top of page

Gaucho Style Picanha aka Sirloin Cap Steak

Updated: May 25, 2021

Picanha is a cut of beef made popular in Brazil, and is a popular item at rodizio style Brazilian restaurants like Texas de Brazil or Fogo de Chao. In the United States, the cut is less known and often named top sirloin cap, rump cover, rump cap, or culotte.

Picanha is one of my favorite cuts of steak because the fat cap and the meat offers a deep, rich flavor similar to ribeye but less fatty and more beefy. When you grill it on skewers Gaucho style over open coals, it provides a crispy outside and juicy flavorful inside.

This cut can be hard to find as it is usually not available in some grocery stores, but there are several places you can buy them online, and I have even seen it available at Walmart recently.



Picanha (Sirloin Cap Steak)

Salt or Garlic Salt


Lets Get Cooking

1. Look at the direction that the grain on the meat runs and cut your long slices across the grain. If you like your meat cooked on the more rare side, you would cut your strips to about 2-3 inches thick. I like crispier outer edges so I cut these about 1.5 inches.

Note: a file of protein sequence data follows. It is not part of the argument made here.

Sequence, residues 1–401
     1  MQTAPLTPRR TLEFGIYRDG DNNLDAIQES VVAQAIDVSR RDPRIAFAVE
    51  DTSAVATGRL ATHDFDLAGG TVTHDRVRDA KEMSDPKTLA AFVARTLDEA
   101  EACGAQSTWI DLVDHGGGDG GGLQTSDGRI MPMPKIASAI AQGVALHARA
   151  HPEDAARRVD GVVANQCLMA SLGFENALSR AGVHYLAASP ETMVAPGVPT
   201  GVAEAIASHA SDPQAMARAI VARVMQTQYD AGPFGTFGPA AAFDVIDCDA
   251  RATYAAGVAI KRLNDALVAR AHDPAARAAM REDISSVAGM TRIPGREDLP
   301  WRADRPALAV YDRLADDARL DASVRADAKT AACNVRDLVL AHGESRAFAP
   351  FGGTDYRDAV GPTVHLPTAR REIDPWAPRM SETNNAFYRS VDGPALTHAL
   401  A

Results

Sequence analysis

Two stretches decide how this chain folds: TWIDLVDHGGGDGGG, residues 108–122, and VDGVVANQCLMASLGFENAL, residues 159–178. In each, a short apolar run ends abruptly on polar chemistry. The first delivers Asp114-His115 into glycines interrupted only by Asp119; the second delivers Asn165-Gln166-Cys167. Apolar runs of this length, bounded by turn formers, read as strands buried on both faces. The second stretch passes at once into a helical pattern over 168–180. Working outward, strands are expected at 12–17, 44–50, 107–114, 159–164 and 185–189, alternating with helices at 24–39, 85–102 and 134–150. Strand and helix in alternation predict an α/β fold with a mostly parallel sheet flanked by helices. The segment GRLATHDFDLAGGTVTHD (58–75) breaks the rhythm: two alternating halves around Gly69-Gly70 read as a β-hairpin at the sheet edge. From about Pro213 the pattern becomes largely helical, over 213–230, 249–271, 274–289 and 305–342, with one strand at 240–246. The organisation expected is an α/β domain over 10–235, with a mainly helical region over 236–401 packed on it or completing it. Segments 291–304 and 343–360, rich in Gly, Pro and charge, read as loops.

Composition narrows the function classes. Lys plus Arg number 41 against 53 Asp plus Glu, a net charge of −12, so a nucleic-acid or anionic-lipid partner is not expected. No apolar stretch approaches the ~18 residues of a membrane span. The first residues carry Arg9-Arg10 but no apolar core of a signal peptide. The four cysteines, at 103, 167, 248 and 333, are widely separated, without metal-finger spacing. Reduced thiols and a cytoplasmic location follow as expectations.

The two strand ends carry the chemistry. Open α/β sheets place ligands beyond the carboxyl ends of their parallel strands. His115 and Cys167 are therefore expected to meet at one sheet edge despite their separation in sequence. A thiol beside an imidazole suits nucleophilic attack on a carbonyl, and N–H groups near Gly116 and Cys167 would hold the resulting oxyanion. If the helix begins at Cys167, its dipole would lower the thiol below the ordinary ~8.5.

The fat cap should be as thin as possible, so if its too thick like in the picture below of the strip to the far right, cut it down so the fat is about 1/4 inch or less thick.

Turn on your gas grill, or begin lighting your charcoal so its ready to go by the time you finish preparing the meat.

2. Season both sides liberally with Salt or preferably Garlic Salt. Take a slice at a time and bend both ends so they touch each other like below, and then insert the skewer from the bottom and gently push it up towards the top. Be sure to leave some spacing between each steak. You can leave this out for at least 30 minutes to get up to room temperature and allow the salt to penetrate the meat before you begin cooking.

3. If you have a charcoal grill, take the grates off so that you can lay the skewers directly across the grill for more direct contact with the flames, and allows you to easily flip the skewers often so that you don't burn one side too much. I am using a Weber Kettle grill for a smoky charred flavor.

They cook pretty quickly so you have to keep an eye on it and to avoid flare ups.

4. Once the meat is ready, let them rest a couple of minutes, and then you can serve them Gaucho style and cut the meat directly off the skewer by slicing the top layer of each meat piece. At Brazilian restaurants, after the meat is cut on one or both sides, they take it back to the grill and re-sear the meat to give each slice a perfect crispy bite, and you can do the same!


298 views0 comments

Recent Posts

See All


bottom of page